The bandh over, the state government will now turn its attention to political party workers, who vandalised public property on Monday.
How state handled it
The Home department had issued notices to 18,083 troublemakers across party lines warning them of arrest.
The department made 5,500 preventive arrests, most of them late on Sunday evening.
The department distributed hand-held video cameras to policemen and installed video cameras at important junctions to identify troublemakers.
For the first time after a bandh, the state will invoke The Bombay Police Act, 1951, that allows it to recover compensation from those who damage state property. The Act was amended in 2008 to empower the collector to take quick decisions on the penalty.
The countrywide shut down called by the Bharatiya Janata Party (BJP) and supported by all Opposition parties passed without any major incidents of violence except for the usual casualties. At least 175 buses belonging to the Brihanmumbai Electric and Suburban Transport (BEST) undertaking in the city and 61 state transport buses in the state were damaged.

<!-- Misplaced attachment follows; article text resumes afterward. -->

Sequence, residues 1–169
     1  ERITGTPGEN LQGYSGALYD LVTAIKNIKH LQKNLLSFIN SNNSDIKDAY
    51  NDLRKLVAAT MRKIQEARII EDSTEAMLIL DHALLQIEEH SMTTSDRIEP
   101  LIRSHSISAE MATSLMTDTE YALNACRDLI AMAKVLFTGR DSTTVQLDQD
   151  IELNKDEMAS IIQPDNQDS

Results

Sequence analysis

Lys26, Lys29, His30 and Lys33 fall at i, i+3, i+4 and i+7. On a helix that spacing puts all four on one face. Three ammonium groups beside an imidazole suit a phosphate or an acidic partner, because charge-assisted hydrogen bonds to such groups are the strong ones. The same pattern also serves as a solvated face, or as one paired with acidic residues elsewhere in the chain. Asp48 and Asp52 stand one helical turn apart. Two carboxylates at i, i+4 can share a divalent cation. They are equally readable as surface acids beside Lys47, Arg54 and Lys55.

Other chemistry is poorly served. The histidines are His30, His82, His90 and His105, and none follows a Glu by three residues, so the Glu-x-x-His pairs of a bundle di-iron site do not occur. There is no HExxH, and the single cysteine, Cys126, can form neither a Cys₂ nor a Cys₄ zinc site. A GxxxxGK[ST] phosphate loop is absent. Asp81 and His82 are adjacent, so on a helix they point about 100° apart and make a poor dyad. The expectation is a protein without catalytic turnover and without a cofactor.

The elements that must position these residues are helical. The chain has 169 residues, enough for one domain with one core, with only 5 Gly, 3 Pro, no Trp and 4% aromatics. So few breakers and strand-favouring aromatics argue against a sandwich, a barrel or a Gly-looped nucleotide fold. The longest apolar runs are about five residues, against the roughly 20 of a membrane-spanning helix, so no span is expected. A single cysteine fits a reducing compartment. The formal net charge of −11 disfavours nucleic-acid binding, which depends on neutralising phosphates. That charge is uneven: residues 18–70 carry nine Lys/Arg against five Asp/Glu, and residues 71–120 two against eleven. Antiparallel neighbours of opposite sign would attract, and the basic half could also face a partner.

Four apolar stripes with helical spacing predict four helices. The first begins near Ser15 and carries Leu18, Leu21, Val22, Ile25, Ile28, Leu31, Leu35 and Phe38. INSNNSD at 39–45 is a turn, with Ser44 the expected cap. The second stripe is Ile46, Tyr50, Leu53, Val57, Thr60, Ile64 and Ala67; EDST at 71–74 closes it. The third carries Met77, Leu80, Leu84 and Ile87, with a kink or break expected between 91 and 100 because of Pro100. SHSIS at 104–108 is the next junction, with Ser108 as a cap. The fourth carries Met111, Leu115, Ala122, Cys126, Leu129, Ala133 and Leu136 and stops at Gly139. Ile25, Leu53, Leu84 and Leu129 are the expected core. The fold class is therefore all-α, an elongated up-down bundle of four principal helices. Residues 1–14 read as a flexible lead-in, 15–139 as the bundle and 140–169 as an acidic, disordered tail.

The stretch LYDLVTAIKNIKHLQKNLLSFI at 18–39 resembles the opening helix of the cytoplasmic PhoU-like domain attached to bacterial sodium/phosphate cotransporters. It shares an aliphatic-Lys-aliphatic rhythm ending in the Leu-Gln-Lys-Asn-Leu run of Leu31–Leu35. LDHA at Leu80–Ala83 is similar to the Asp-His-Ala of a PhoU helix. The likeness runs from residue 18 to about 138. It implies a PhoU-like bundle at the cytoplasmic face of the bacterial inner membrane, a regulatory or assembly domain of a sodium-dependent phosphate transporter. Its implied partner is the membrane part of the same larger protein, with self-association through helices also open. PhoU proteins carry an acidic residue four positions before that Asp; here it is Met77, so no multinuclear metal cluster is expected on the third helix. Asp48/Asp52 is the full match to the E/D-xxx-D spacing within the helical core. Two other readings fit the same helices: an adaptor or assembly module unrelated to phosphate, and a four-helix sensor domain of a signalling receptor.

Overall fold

The Home department will rely on footage shot by private television channels, besides their own video surveillance to identify miscreants and register offences against them. The collector will then initiate proceedings under the Bombay Police Act to recover compensation from them.
"The collector will decide on the compensation. In cases, where culprits are identifiable, damages will be recovered from them individually, otherwise political parties will have to pay up," Home Minister RR Patil said at a press conference at the state secretariat on Monday.
Through the day, the police registered 51 offences and arrested and detained 1,468 protestors in Mumbai and 4,268 across the state. Ten of these were legislators from Mumbai while 22 were from other parts of Maharashtra.
Chief Minister Ashok Chavan insisted that the countrywide shutdown had failed to elicit the response the Opposition expected.
"Local and long distance trains were running as per schedule. Around 45 per cent of BEST buses and 61 per cent of ST buses were also in service. By and large, there were no big disruptions or violence and people were not hurt in any incidents associated with the shutdown," Chavan said.
He admitted that fear and apprehension kept people indoors but added that in rural areas too the bandh did not get much of a response.